Time to define the New Normal

We have seen many articles and analyses on the impacts of the ongoing Covid-19 crisis to various sectors, including the mobility. So why  writing one more? With this post, more than to analyse the impacts of Covid-19 on mobility and MaaS, we wanted to take the opportunity to discuss the potential implications of MaaS to the post-corona mobility.

For sure, the current crisis is something no one wanted and very few were able to foresee. In addition to the terrifying number of casualties and misery the virus has brought, it has also demonstrated the vulnerability of our functional sectors, including the transport networks and smart cities. Now the question is what can we learn from this? Quite surely we can say that this is not the last time we will face an unknown threat. Therefore, throughout the industries, we need new tools and thinking to build a resilience and be better prepared for the unexpected. While ambitiously working according to plan A towards the desired future, it is only wise to have plan Bs and Cs for the continuity. Agility is to organisations what health is to humans, and understanding on this might be one of the main learnings of this misfortunate and saddening pandemic. To that end, the MaaS Alliance is participating in the New Mobility Covid-19 Task Force invited by Global New Mobility Coalition and other branches of World Economic Forum helping the transport sector back to its feet and to build capabilities of the transport organisations to be more resilient when we face the next black swan event.

Tackling the current crisis and keeping ourselves and our beloved ones safe is naturally the main interest of all of us right now. However, when looking back to 2020 after some 10-15 years, the success of the crisis management very much depends on our ability now to use this breaking point and exploit the transformative forces to work for us. As our talks are full of anticipation on getting things back to normal maybe we should question  “what is normal”. Is it normal that only in the EU every year 25 000 people are killed in traffic accidents? Is it really normal that we spend approximately an hour per day in congestion? Is it normal that while all other sectors have been able to decouple the growth in emissions from the economic growth in transport we haven’t managed that yet?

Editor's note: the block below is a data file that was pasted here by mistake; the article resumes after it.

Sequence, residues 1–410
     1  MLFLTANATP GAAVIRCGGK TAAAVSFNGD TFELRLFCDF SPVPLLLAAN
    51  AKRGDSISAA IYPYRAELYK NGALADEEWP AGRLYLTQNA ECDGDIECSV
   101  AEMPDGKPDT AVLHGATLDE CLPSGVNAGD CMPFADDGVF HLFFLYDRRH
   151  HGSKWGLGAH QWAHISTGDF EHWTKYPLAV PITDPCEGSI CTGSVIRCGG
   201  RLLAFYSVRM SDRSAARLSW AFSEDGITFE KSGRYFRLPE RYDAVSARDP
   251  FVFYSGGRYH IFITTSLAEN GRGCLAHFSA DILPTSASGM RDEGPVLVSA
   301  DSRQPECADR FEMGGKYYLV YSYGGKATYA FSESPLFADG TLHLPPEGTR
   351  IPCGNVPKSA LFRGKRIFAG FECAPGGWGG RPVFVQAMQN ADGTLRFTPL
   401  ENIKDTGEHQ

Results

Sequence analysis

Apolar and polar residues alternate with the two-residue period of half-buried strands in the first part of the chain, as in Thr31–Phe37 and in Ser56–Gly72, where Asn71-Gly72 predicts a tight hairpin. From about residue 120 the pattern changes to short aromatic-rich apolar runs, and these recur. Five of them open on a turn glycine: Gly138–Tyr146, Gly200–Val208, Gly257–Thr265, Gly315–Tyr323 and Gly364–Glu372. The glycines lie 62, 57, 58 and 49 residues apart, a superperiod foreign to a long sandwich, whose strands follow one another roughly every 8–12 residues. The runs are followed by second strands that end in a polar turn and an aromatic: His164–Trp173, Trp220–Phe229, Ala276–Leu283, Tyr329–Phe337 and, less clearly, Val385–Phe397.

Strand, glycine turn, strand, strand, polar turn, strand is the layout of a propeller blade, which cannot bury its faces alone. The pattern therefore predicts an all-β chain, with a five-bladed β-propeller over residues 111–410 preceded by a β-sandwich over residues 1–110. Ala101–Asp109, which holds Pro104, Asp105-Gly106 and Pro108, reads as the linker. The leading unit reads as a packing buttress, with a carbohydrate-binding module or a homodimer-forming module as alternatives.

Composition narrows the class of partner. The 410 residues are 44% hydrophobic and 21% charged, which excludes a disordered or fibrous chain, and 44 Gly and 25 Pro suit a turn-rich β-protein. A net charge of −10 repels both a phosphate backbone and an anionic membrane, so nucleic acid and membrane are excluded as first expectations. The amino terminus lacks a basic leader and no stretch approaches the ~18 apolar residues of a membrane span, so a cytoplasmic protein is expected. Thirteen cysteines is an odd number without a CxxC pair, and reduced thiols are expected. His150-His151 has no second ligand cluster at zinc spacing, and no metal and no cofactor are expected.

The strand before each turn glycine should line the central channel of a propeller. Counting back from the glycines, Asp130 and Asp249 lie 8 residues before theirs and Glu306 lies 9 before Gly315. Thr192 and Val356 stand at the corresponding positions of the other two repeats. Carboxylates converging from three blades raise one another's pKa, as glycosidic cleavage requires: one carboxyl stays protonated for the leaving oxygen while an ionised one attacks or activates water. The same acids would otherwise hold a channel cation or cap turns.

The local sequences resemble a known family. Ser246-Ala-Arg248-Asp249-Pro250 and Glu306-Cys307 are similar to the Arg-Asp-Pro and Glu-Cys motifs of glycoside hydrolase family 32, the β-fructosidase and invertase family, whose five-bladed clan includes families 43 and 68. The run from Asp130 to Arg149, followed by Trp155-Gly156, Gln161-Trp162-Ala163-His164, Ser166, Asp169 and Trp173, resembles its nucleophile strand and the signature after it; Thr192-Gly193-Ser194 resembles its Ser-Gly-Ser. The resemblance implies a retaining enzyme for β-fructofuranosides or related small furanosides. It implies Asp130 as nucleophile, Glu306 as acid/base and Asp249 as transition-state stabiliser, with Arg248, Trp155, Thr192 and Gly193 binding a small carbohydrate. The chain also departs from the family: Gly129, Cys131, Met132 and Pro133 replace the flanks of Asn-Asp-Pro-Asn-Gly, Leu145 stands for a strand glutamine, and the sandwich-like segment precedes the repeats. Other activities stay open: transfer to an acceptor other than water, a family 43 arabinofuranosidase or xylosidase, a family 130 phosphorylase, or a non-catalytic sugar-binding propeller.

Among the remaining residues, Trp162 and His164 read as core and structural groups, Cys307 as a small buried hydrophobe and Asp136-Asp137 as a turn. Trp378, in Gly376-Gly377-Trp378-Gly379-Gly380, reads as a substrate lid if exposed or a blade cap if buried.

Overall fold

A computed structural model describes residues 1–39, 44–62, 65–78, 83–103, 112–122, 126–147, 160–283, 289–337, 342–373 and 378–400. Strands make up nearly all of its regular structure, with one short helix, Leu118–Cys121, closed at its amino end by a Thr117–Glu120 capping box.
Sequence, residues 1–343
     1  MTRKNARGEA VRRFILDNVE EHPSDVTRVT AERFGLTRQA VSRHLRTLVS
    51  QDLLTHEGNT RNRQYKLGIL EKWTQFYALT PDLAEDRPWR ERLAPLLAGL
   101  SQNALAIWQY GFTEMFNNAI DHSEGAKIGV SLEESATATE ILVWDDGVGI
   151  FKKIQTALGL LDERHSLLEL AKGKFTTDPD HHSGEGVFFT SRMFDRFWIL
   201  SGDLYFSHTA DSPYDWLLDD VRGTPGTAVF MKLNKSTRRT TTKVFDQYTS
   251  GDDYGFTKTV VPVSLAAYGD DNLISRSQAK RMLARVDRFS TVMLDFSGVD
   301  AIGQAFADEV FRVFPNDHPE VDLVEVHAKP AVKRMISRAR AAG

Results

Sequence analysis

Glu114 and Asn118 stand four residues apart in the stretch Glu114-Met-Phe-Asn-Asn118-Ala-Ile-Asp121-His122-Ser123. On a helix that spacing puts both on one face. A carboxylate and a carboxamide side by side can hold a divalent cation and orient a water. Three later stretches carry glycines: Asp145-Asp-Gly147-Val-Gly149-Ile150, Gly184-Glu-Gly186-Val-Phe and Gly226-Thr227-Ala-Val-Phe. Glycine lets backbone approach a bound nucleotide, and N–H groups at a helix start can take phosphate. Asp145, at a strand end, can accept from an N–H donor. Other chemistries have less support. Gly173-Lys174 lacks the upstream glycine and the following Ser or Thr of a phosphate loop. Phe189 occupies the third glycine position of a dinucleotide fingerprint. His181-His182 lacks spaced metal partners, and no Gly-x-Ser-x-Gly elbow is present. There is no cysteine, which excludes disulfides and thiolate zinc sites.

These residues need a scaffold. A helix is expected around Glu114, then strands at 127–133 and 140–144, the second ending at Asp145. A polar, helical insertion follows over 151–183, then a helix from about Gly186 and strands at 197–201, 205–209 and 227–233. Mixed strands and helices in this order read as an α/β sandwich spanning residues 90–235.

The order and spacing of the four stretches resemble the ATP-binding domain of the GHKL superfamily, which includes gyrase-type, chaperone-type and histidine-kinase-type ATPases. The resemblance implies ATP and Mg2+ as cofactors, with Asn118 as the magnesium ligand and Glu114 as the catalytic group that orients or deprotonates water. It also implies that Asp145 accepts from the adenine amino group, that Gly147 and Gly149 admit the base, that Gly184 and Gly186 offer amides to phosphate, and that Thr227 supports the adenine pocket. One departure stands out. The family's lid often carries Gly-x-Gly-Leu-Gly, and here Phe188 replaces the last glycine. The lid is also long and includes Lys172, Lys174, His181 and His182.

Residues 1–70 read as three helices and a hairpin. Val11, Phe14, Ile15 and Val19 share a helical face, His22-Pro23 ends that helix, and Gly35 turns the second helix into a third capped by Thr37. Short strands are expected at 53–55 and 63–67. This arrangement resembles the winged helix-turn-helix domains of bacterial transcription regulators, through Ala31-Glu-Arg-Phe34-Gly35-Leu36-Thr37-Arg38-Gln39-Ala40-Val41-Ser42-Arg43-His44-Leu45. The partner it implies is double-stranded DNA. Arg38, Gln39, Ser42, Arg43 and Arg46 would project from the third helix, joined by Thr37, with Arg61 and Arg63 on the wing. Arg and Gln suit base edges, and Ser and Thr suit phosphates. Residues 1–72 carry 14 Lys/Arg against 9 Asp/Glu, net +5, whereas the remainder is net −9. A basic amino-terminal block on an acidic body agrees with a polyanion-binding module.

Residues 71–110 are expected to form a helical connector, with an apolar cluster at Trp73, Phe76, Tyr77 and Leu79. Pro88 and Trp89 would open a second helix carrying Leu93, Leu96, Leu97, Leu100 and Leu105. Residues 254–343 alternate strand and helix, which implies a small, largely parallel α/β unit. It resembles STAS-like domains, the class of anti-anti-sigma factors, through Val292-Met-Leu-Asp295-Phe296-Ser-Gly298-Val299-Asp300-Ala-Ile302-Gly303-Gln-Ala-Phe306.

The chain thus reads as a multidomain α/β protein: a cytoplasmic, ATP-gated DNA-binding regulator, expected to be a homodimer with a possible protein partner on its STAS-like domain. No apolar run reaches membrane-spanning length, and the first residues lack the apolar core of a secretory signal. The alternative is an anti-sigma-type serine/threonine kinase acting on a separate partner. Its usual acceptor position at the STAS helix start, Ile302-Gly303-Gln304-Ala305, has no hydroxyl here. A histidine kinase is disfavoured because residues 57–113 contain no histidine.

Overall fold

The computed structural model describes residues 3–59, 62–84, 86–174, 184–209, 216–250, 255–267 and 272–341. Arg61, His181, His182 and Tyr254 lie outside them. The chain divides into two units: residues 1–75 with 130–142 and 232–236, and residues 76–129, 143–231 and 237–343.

Would it somehow make sense to use this momentum to define the new normal?

It is too early to predict the overall hit to economy because of Covid-19, however, it is clear some sectors will experience a massive negative impact. As the transport is business of derived demand, the lower economic activity will challenge all the stakeholders of the industry but the impacts might be first apparent for those in direct B2C business. However, in only few weeks, we have already seen some favourable changes, such as increase in cycling and rapid take-off of teleworking habits that might bring along some long lasting impacts on the mobility patterns. Online economy is booming as are the various delivery services. While the physical connections of global economy are struggling people are relying more on local supply chains and communities. As a result, several studies have now indicated improved air quality and less emissions in major metropolitan areas. MaaS can act as an enabler of the new agility in the mobility sector – it brings the much needed variety  to the demand side and at the same time helps with  optimization of the supply side.